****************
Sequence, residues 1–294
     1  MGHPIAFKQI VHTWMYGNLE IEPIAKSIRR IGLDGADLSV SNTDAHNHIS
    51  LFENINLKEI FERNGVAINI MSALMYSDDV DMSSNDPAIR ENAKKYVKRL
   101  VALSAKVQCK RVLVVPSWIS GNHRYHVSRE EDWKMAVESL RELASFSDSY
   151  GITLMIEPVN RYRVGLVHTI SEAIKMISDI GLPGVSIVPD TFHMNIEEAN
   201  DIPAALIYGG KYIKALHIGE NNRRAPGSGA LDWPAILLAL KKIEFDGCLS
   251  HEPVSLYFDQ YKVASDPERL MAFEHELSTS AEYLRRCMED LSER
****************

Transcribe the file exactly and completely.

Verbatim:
Sequence, residues 1–294
     1  MGHPIAFKQI VHTWMYGNLE IEPIAKSIRR IGLDGADLSV SNTDAHNHIS
    51  LFENINLKEI FERNGVAINI MSALMYSDDV DMSSNDPAIR ENAKKYVKRL
   101  VALSAKVQCK RVLVVPSWIS GNHRYHVSRE EDWKMAVESL RELASFSDSY
   151  GITLMIEPVN RYRVGLVHTI SEAIKMISDI GLPGVSIVPD TFHMNIEEAN
   201  DIPAALIYGG KYIKALHIGE NNRRAPGSGA LDWPAILLAL KKIEFDGCLS
   251  HEPVSLYFDQ YKVASDPERL MAFEHELSTS AEYLRRCMED LSER